• Locating bots with a honeypot or other method to identify the IP addresses of automated crawlers.
  • Using CSS sprites to display such data as phone numbers or email addresses, at the cost of accessibility to screen reader users.

http://en.wikipedia.org/wiki/Web_scraping

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Abdulrahman Ali Al-Harbi was originally named as a ‘person of interest’ after the Boston bombings. The Saudi National was cleared of any involvement in the bombing, but there have been a lot of strange things going on with Abdulrahman Ali Al-Harbi and the Obama regime. According to Breitbart,  the Saudi National Abdulrahman Ali Al-Harbi had his deportation order records altered. This rescinded his deportation order. Michelle Obama decided to pay Al-Harbi a visit while he was in the hospital recovering from wounds in the attack. Michelle Obama never paid a visit to any of the other injured people, including those who lost limbs in the attack. Also, Obama himself met with the Saudi foreign minister two days after the attack. This was not listed on Obama’s public schedule and as usual the media didn’t report on this. Something very fishy is going on here. I wonder if this was supposed to be Glenn Beck’s big ‘bombshell’ for tomorrow? If so, Breitbart scooped him.

Now that it’s been revelaed that Abdulrahman Ali Al-Harbi deportation order records altered, it probably explains why Janet Napolitano got so testy when asked about Al-Harbi last week. Why would Obama or his regime alter the deportation order? Are they hiding something? Of course they are. Without a media in this country, we’ll never know what they are hiding.

The alteration occurred the night before Secretary Napolitano vehemently denied the existence of any deportation order in testimony before the House of Representatives. Sources with knowledge of these matters says the change occurred subsequent to Secretary John Kerry’s closed door meeting on Tuesday with the Saudi Minister and around the time of the meeting between the Saudi Minister and Obama later on Wednesday evening. The Saudi National has been identified as Abdulrahman Ali Al-Harbi. There is no evidence that Al-Harbi is connected to the Boston Marathon Bombings. Steven Emerson announced on Wednesday night’s episode of Hannity that the Saudi National who was a person of interest and later cleared, was set to be deported.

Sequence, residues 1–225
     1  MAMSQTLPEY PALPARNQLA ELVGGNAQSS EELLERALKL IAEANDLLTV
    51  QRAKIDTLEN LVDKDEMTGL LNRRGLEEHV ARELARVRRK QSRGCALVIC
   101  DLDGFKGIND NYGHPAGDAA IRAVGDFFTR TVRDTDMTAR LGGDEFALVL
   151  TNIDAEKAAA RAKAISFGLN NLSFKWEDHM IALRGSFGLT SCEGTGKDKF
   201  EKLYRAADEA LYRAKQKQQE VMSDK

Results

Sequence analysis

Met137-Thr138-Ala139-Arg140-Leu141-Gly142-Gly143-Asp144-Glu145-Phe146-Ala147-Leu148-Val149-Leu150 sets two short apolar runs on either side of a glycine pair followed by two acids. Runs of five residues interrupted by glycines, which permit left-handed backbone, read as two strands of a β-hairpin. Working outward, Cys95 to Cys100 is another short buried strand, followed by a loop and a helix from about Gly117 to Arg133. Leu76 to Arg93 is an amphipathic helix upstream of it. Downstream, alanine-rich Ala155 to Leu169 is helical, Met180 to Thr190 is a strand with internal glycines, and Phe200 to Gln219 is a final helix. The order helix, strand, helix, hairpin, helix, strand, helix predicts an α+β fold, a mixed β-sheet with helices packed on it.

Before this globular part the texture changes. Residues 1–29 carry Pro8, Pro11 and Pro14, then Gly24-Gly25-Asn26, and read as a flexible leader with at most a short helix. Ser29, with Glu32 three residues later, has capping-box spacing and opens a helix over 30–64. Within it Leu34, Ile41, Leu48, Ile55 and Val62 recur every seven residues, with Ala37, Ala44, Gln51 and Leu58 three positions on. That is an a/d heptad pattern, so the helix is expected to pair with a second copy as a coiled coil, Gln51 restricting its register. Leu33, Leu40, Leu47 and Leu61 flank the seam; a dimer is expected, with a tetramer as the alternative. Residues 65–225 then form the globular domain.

http://www.fireandreamitchell.com/2013/04/21/abdulrahman-ali-al-harbi-deportation-order-records-altered/?utm_source=rss&utm_medium=rss&utm_campaign=abdulrahman-ali-al-harbi-deportation-order-records-altered

Boston MANHUNT is OVER: the Second BOMBER is CAUGHT (FBI FALSE FLAG says the mother)

A retired Lieutenant Colonel in the Army weighs in on Boston.

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Terrorists Bomb Boston Marathon Finish Line — 3 Dead, 180 Injured With Two Bombs — April 15, 2013 — Updated — Photos and Videos

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Michael Scheuer–Osama Bin Laden–Al Qaeda–U.S. Government Interventionism Abroad–Libya and Iran–Videos

Posted on October 27, 2012. Filed under: American History, Blogroll, Books, Business, College, Communications, Culture, Demographics, Economics, Education, Federal Government, Foreign Policy, government, government spending, history, Language, Law, liberty, Life, Links, media, People, Philosophy, Politics, Programming, Rants, Raves, Religion, Video, War, Wisdom | Tags: , , , , , , , , |

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Robert Steele–Gnomedex, 2007–Keynote Address–Videos

Posted on January 24, 2011. Filed under: Blogroll, Communications, Culture, Demographics, Economics, Employment, Federal Government, government, government spending, Investments, Language, Law, liberty, Life, Links, media, People, Philosophy, Politics, Raves, Regulations, Security, Taxes, Technology, Video, War, Wealth, Wisdom | Tags: , , , , , , , , , |